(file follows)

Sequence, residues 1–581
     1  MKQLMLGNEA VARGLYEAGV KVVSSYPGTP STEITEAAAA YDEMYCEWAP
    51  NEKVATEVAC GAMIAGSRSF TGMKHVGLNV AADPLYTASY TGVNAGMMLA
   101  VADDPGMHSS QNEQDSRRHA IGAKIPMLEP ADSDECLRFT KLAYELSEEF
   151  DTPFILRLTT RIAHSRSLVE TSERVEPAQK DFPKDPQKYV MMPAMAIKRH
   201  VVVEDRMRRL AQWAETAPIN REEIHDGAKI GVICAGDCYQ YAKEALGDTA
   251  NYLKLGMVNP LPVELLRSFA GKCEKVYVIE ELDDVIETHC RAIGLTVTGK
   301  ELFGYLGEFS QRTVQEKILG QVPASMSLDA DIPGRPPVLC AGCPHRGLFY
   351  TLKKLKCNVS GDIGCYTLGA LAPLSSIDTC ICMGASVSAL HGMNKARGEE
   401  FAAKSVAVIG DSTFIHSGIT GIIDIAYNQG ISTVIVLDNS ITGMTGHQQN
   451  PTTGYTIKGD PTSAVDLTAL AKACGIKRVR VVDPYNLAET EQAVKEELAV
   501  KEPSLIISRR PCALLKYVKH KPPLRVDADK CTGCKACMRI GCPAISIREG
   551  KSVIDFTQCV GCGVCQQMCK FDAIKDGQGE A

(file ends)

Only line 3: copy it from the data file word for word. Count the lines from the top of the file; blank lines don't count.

    51  NEKVATEVAC GAMIAGSRSF TGMKHVGLNV AADPLYTASY TGVNAGMMLA